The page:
With the arrival of the financial crisis of 2007, it was concluded that one of the main problems we had was the high level of indebtedness of the economies and a debt-based growth model where consumption was boosted debt that grew at a higher rate than the real economy did.
Monitoring the evolution of global debt
The people of McKinsey are doing a good job monitoring the evolution of global debt. Their latest document on the subject of “Debt and (not Much) deleveraging” shows us that the central banks’ monetary policies instead of helping to solve the debt problem all they have done is aggravate it and continue with the more debt model as growth engine that led us to the 2007 disaster.
Specifically between 2007 and the second quarter of 2014, world debt has increased by $ 57 billion, an annual growth rate of 5.3%, where governments, with annual debt growth of 9.3% have taken the relief of homes, businesses and banks as an engine of debt-financed growth. The problem to vary is that the increase in debt is exceeding the growth of the economy. Thus, in 2007 the global debt / GDP ratio was 269% and in the second quarter of 2014 it had been 286%. Complicated levels of sustaining more if the model is still based on growing based on increasing debt.
In the following graph you can see how rare is the country that in the last 7 years has not increased its Debt / GDP ratio, with Ireland, Singapore, Greece, Portugal, China and Spain leading the list of countries that have increased their indebtedness the most.
Among those that today has a higher debt / GDP ratio, are Japan, Ireland, Singapore, Portugal, Greece, Spain, Belgium and the Netherlands. Remember that we are not only talking about sovereign debt, but also the set of debt that the different economic actors of a country have (Households, Government, Companies and Banks).
In many countries the level of government debt
Begins to be unsustainably high. Since 2007, the debt held by governments has increased by $ 25 billion. Much of this increase has been caused by bailouts and economic stimulus policies that however have only achieved growth in many anemic cases. For the 6 most indebted countries, being able to reduce their indebtedness would require real economic growth rates that are very difficult to achieve.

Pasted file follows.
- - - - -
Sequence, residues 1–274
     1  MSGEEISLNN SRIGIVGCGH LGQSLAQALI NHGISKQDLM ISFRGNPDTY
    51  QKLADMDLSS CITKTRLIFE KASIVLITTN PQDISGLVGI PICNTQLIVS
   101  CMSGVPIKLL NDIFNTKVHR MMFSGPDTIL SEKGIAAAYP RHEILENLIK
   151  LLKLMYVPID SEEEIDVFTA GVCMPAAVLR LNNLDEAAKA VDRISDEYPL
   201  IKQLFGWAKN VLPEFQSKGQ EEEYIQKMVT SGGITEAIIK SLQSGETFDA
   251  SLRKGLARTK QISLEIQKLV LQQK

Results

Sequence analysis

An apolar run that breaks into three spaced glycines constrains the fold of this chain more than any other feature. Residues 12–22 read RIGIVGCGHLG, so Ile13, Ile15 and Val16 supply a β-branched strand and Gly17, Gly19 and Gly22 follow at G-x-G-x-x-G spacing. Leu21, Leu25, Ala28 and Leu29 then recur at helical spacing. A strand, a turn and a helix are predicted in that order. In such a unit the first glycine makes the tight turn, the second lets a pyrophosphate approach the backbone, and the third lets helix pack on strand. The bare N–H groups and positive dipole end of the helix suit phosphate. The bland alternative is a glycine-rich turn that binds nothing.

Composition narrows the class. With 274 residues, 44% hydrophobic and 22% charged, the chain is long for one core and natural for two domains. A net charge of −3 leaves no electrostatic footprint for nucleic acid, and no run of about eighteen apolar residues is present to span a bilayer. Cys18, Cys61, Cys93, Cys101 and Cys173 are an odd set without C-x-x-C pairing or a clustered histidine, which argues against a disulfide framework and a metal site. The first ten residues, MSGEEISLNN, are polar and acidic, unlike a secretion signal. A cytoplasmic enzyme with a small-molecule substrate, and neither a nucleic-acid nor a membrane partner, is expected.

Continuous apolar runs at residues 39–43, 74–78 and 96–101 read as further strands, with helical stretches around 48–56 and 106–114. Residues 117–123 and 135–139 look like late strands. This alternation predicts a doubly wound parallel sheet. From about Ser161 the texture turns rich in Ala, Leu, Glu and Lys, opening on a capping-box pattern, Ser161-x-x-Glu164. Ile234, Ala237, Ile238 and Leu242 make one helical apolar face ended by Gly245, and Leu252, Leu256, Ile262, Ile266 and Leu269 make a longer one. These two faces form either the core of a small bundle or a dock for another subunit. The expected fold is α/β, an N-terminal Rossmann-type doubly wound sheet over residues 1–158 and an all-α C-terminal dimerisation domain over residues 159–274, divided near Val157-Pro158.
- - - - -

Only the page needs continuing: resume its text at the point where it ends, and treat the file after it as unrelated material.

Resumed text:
In order to reduce their debt, many governments will have to contemplate from the sale of assets, to introducing confiscatory taxes on the wealth of their citizens, or debt restructuring programs. Interestingly, and despite the fact that the indebtedness continues to increase, the aggressive monetary policies of the Central Banks are making many countries manage to place their debt at interest rates close to zero or at historical lows.
As for household debt
Although some countries such as Ireland, Spain, the United States or the United Kingdom have seen how Households were able to reduce their debt levels in many others, household debt continues to rise, exceeding in many cases the peak of debt of 2008.
A case apart is undoubtedly China, whose debt has quadrupled since 2007 driven by a colossal housing bubble and a huge shadow banking system. Three factors are spatially worrying about the Chinese debt. First, because about half of the loans are directly or indirectly linked to its superheated real estate market. Second, because the unregulated shadow banking system has granted about half of the new loans and third, the debt assumed by many local agencies is probably unsustainable.